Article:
Chile’s tsunami: a victim and his ghost
“I made the wrong decision,” was the first thing Emilio Gutierrez told me the first time we met. That was the day I took a photograph of him carrying his dog, just two days after the tsunami. I didn’t get to know him well enough then to even learn his name.
Minutes after the earthquake in his hometown of Constitucion on February 27, 2010, Emilio made the decision to escape the looming waves with his family by boat upriver, away from the river’s mouth. In the dark of night and the panic of the moment his father and son, Emilito Jose, were the first to climb into the boat. But before the rest of the family could follow them the mooring ropes snapped and they were dragged away by the current.
Emilio trusted his father’s experience and was sure that they would be fine. Together with his mother and wife, Sofia, he climbed into their other boat and headed upriver. “The noise was like helicopters hovering above us.” That was the noise of the advancing first wave as it destroyed everything in its path.
The boat overturned and they found themselves in the water, swimming through pieces of wood and giving it all they could to reach the bank. “Mom begged me to leave her in the river. She couldn’t swim anymore and just wanted to rest. I thought about leaving her to help Sofia, but I thought, she is young and Mom is old. I began thinking, if I had to choose between saving Sofia or Emilito Jose I would save him.” As we talked, a year after the disaster, next to us Sofia lowered her head in silence.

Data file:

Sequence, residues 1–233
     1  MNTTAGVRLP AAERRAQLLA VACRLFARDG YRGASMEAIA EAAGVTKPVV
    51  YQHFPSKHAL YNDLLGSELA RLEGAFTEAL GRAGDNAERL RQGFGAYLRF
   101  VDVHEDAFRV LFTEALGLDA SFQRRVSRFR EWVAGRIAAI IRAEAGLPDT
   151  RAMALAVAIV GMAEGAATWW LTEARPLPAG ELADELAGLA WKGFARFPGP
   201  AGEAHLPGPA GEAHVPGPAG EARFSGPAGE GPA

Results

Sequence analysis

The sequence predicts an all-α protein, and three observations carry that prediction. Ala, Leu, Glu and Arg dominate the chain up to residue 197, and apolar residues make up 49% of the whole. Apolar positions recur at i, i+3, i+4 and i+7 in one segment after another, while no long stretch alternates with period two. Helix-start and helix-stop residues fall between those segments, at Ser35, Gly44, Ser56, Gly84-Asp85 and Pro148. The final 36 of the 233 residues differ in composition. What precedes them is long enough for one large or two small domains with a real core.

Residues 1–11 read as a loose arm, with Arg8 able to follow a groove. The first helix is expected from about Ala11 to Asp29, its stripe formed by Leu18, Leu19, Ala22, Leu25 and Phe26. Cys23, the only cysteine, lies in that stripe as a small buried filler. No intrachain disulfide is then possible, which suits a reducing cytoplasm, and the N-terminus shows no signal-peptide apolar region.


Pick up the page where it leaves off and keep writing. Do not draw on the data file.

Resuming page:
Emilio managed to help both his mother and his wife out of the river, and began searching for his father and son, trusting in their safety. He roamed about with only a vague idea of the level of destruction around them. Emilio’s life was changed forever.
“I feel responsible. I made the decision to escape that way.” Emilio spoke with the voice of guilt. His father and son lost their lives in the waves of the tsunami, the boat destroyed. The following day Emilio found his father’s body and hugged it tightly. “Where is Emilito, Dad!?” The answer was cold silence.
The river is the family’s sustenance. For decades they have transported passengers in their two boats. Now the river keeps the body of the small boy, leaving Emilio even more tethered to its waters.
“I feel it in here, a pain that never ends,” he said with his hands on his chest.
Now, on the bank of the Maule River, Emilio compulsively builds a small dock for his new boat. He works tirelessly to finish it. Like a bridge to nowhere, the dock is an invitation to ungrudgingly face its waters, and a constant reminder of the unforgettable.
Today Emilio and Sofia have a new daughter, Emilia. He fondly observed the two-month-old. “Sometimes I feel guilty for experiencing joy.”
The “man with the dog” that I photographed soon after the tsunami no longer exists. That out-of-focus person roaming Constitucion like a specter, died with his loved ones.
“I will rest only the day I die,” he says. That’s the ghost of Emilio talking.